Letter to The New York Times, April 7, 1996

Letters to the Editor
The New York Times
229 West 43rd Street
New York, NY 10036

To the Editor:

Your March 29, 1996 feature article "U.S. Helicopter Sale to Turkey Hits Snag" by Raymond Bonner outlines a clear moral choice faced by this country as the largest producer and exporter of military hardware in the world. As Mr. Bonner recognized, human rights concerns are typically overridden when there is a profit to be made by selling expensive and deadly weapons systems--even when the purchasers have demonstrated their willingness to use them in wars of aggression as well as against their own civilian populations.

Instead of applauding the efforts of Senator Paul Sarbanes and the other senators who had the courage to taken a rare bipartisan stand in support of human rights and against the sale of 10 Cobra attack helicopters to Turkey, you attribute their actions to "ethnic politics" and conjure up an ethnic conspiracy where none exists. There is much more at stake here than the friends of Armenia opposing anything that could benefit Turkey.

Turkey is a nation that has displayed a continuous disregard for international law and human rights throughout its history. It is a nation that has a sinister tradition of aggression against its neighbors and an abysmal record of human rights violations against its own citizens. Beyond ethnic politics, Turkey's recent track record should give reason to all Americans to protest the State Department's arming of the Balkans' and Middle East's most dangerous nation:

1. Turkey is continuing a war against its own Kurdish population that has resulted in 20,000 casualties and 2 million refugees since 1984. Even in its reports to Congress, the State Department has found "highly credible" intelligence that Turkey has u sed the Cobras already in its possession to attack civilian Kurdish targets.

2. Recent news excerpts confirm that Turkey continues to deny basic human rights to its own citizens:

(i). A March 25th UPI story reports that "The European Court of Human Rights condemned Turkey Monday for the long time it took to try, convict and sentence two suspected revolutionaries imprisoned since 1981. The Strasbourg-based court said the 15-year lega l procedure against economist Nasup Mitap and attorney Abdullah Muftuoglu exceeded the 'reasonable delay' provision of the European Convention on Human Rights, to which Turkey is a signatory."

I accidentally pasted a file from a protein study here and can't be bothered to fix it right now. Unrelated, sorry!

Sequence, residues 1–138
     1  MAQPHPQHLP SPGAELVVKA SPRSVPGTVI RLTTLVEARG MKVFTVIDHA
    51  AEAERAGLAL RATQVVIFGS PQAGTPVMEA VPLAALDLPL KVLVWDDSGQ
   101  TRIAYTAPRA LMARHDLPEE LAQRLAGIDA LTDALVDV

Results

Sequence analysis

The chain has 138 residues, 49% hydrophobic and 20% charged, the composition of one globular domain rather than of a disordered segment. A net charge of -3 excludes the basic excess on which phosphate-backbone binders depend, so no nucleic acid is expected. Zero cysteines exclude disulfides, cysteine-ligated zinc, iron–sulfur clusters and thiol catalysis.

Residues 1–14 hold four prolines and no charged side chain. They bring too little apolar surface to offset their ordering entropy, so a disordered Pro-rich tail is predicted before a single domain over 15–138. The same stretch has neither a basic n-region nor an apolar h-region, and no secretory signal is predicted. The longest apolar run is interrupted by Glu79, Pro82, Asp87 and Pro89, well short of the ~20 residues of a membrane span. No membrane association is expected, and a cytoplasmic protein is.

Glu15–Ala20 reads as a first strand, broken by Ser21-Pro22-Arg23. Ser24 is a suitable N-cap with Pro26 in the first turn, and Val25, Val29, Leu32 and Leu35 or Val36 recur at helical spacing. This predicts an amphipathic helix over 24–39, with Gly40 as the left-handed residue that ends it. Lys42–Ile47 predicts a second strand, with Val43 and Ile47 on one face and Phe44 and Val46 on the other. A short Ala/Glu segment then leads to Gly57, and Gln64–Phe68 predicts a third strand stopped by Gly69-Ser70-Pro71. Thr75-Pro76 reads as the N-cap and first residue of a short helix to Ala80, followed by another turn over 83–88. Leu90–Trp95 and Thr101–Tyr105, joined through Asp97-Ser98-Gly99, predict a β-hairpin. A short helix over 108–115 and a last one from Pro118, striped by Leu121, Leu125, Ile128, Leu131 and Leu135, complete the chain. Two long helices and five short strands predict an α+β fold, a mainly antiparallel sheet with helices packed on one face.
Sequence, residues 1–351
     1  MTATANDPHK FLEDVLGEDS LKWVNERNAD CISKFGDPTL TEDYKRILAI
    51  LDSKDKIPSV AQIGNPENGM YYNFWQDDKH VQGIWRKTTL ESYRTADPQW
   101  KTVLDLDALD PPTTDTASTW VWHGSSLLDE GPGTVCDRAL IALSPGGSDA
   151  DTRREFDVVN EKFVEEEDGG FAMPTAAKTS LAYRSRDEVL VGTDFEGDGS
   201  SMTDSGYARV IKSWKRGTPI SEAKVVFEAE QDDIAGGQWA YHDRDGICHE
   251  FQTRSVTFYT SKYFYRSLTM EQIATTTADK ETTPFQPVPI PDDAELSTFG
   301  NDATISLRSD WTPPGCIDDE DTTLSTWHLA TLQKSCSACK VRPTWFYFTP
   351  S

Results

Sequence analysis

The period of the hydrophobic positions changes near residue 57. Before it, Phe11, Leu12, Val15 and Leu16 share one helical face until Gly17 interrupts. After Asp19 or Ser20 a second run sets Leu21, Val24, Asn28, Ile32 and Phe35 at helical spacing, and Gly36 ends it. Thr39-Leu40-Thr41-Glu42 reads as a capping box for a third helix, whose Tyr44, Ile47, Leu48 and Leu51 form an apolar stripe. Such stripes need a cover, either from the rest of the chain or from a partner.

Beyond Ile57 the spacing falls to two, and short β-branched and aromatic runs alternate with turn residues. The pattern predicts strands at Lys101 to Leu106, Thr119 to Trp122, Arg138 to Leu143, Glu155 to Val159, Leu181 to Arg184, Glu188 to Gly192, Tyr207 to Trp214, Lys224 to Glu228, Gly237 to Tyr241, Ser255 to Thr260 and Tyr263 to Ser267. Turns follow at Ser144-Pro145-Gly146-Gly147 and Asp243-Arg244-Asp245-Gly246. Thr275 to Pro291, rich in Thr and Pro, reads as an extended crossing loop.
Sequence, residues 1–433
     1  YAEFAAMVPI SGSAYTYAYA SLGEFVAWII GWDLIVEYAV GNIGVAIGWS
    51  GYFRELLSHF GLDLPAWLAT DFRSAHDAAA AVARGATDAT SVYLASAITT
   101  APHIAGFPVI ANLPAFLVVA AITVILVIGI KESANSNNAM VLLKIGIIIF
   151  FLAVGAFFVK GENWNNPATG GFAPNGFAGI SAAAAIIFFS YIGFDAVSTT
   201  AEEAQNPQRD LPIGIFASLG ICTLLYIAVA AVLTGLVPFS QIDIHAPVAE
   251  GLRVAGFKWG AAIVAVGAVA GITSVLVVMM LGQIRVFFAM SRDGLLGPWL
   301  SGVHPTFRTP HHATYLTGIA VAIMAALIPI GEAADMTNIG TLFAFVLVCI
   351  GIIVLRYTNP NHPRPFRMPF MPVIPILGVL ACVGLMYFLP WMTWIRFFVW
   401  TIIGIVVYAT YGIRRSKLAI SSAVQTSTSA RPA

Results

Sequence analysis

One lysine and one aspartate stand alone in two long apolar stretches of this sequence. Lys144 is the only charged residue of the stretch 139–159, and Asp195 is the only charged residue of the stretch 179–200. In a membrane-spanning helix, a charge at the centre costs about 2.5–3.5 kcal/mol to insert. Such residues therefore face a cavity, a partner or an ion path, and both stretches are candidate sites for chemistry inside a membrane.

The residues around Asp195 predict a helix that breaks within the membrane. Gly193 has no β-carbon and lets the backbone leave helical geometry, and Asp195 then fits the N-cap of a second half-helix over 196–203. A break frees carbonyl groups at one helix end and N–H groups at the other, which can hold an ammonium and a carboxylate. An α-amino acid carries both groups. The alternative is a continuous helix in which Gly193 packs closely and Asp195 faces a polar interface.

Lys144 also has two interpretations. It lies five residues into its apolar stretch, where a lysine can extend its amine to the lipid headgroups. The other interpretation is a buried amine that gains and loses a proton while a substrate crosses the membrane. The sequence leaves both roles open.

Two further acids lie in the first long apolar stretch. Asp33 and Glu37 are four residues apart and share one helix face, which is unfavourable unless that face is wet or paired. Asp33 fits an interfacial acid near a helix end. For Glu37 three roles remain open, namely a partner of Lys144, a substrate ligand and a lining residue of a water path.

(ii). On March 12th, Reuters reported that "Sixteen Turks--mostly teenage students--who went on trial for far-left activities Tuesday were brutally tortured by police, lawyers said. Defense lawyer Pelin Erda told reporters police randomly detained the 16 in Manisa, near Izmir, southwest Turkey and tortured them for 10 days, stripping them naked, anally raping them with batons, giving them electric shocks, hosing them with pressurized water and beating them. Some of the 16(who are male and female(had to be ta ken to hospital with internal bleeding and psychological problems she said".

3. Turkey continues its religious persecution of and acts of violence against the Ecumenical Patriarchate in Istanbul, the spiritual center of the world's Orthodox Christians, which includes five million Americans.

4. Turkey continues its illegal 22-year occupation of Cyprus with 35,000 troops. Turkey invaded Cyprus in 1974 using US-supplied weaponry, cleansed the Greek-Cypriot population from the occupied area, and has defied the unanimous requests of the inte rnational community to remove its troops from the island. This month Rauf Denktash, leader of the regime in occupied Cyprus, claimed that 1,619 Greek Cypriots were massacred by Turkish paramilitary forces during Turkey's 1974 invasion of Cyprus. Inclu ded in this number were 5 U.S. Citizens.

5. Turkey continues its illegal blockade of its former genocide victims, the Armenians, preventing even emergency food and medical supplies from entering Armenia.

Mr. Bonner puts forth the argument that if the United States does not sell weapons to countries such as Turkey, then there will be other suppliers eager to profit. This may very well be the case. But, more than stock dividends and exchange rates, one w ould hope that Americans continue to value what has genuinely distinguished them from other nations: their idealism and their strong sense of justice and morality.

As the world's remaining superpower, we need to hold ourselves to a higher standard and can no longer afford to sustain our schizophrenic foreign policy. On the one hand we are urging a peaceful solution to regionasolution to regional conflicts such as Bosnia's, yet on the other hand we are rushing to profit from weapons sales to highly unstable regions that are already overly armed. Let us hope that the withdrawal of the Cobra attack helicopter sale to Tur key is not, as your correspondent puts it, an "aberration" but the beginning of a more sensible and moral weapons policy.


Leo E. Argiris, PE
Associate Media Director

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